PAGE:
cybersecurity maturity model certification and audit logo with DFARS and NIST 800-171

Resources to get started with CMMC

Check the menu above for dozens of articles about CMMC, how to prepare your company, and how to become an assessor yourself.

Official DoD homepage for CMMC

Official homepage of the CMMC Accreditation Body

FAQ for Organizations Seeking Certification (common mistakes)

Security policy templates, training, and tools

CMMC Scope – are you ready for an assessment?

Glossary of CMMC terms and key players

Where is the Easy Button for CMMC? Why MSPs may be the solution

Index of all articles on this site

DoD to contractors: Your cybersecurity is not good enough

The Cybersecurity Maturity Model Certification (CMMC) is an initiative lead by the Office of the Assistant Secretary of Defense for Acquisition. This is an office in the Department of Defense (DoD) which helps set policy for DoD contract requirements.

DoD contractors who handle Controlled Unclassified Information (CUI) are already required to self-certify compliance with the NIST SP 800-171 set of cybersecurity best practices. However, as pointed out by Ms. Katie Arrington during the CMMC Listening Tour this year, self-certification is not working. DoD contractors have been successfully targeted by cyber adversaries because they haven’t fully secured their networks.

To force DoD contractors to implement cybersecurity, the CMMC will require every DoD contractor to get an audit and certification from a third party auditor. It doesn’t matter whether the contractor manages CUI or not. They still need to get audited.

We talk about 800-171 too!

Although this website is named “CMMC Audit”, almost all our articles are also relevant to NIST SP 800-171 and DFARS 252.204-7012 compliance. Check our NIST 800-171 menu above for specific information about these current requirements. Articles that discuss CMMC Level 3 or Controlled Unclassified Information will be helpful for your 800-171 journey today.

What you need to know about CMMC

CMMC enforcement timelines

The current timelines (as of October 2020) are:

  • Mid 2020: 3rd party auditors begin applying for accreditation
  • Late 2020: Several (less than 20) DoD contracts are chosen to be the first ones that will require CMMC certification
  • Late 2020: Bidders to trial DoD contracts start getting audited
  • November 30 2020: DFARS is modified to require submission of cybersecurity self-assessment for contract award. CMMC officially phased-in over five years.
  • Mid to late 2021: Estimated 20-100 hand-chosen contracts will require CMMC certification. Priority for assessments given to those bidders.
  • Between 2021 and 2025: New Requests for Proposals (RFPs) gradually begin requiring CMMC certification. Most DoD contractors (90% or so) should not be directly affected by CMMC for a few years.

CMMC levels and requirements

The DoD recognizes that their contracts have different risk profiles, so each RFP will list a CMMC level requirement from 1-5. Having proof of certification at that level would be a requirement to even submit a bid.

The lower levels (1-2) apply to DoD contractors who don’t deal with Controlled Unclassified Information (CUI). I expect most resellers will fit into this category. Other than purchase orders and possibly human resources information, they don’t hold government information on their corporate networks. The security requirements for these levels are much less stringent.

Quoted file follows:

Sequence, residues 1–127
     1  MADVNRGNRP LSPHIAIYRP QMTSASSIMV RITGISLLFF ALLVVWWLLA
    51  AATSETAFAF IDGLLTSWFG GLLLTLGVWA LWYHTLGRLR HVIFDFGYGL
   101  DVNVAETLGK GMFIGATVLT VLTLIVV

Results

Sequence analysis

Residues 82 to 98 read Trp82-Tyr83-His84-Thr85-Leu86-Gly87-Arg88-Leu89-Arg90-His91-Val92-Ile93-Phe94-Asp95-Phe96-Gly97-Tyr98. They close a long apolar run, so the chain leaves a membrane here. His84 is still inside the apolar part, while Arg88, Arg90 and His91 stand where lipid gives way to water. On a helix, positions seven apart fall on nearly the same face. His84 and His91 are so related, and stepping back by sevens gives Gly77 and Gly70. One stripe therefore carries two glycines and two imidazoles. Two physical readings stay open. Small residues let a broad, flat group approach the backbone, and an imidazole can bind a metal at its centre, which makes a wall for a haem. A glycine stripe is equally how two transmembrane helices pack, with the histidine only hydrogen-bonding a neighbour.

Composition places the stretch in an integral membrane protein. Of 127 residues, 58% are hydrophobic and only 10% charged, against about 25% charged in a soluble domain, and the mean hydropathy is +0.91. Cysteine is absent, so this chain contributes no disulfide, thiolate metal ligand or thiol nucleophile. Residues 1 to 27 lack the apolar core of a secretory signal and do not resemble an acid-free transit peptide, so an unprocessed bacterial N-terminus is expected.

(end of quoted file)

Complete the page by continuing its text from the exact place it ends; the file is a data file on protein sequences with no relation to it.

In middle levels (3-4), DoD contractors handle CUI. This is information like schematics for DoD equipment. Data which lets adversaries reverse-engineer or learn about military capabilities. For example, a shipyard might have maintenance plans for submarine equipment on a CUI network. This requires a level of protection very similar to the current NIST SP 800-171 recommendations.

At the highest levels, (4-5), the CUI being protected is high stakes. These networks will be targeted by cyber adversaries. Examples of this information would be weapon test results or detailed manufacturing schematics. Securing your network up to level 4 or 5 is likely to be very expensive.

For more details about the CMMC as an overall program, see CMMC Basics – the Full Details

Are you just looking for a CMMC audit provider? 

Right now, no company is authorized to perform CMMC audits (the CMMC is still in development). The sponsor of CMMC Audit (Kieri Solutions) is helping companies with 800-171 compliance now and has started the process to become an assessment organization for CMMC. Kieri Solutions is building a wait-list for audits in mid 2021. Other audit providers will be listed on the CMMC accreditation body website as they are approved.

Are you just looking for help preparing for the CMMC? 

We encourage you to reach out to the sponsor of , Kieri Solutions, if you like what you see on this website. At the least, they are happy to chat for 30 minutes and give you free advice.  The CMMC accreditation body website also hosts a marketplace of CMMC professionals if you want to see all the options.

Can you help give advice to others? is looking for contributions. We need cybersecurity professionals to write articles about specific practices and topics in the CMMC. Send us an email if you have a thoughtful (non-sales-y) article you would like to share, we will be glad to credit you and your company!

We are particularly interested in deep-dives on individual practices! is not a representative of the Department of Defense, the CMMC Accreditation Body, or the CMMC Assessors and Instructors Certification Organization. This website is meant to be community resource for CMMC audit (or assessment!) preparation.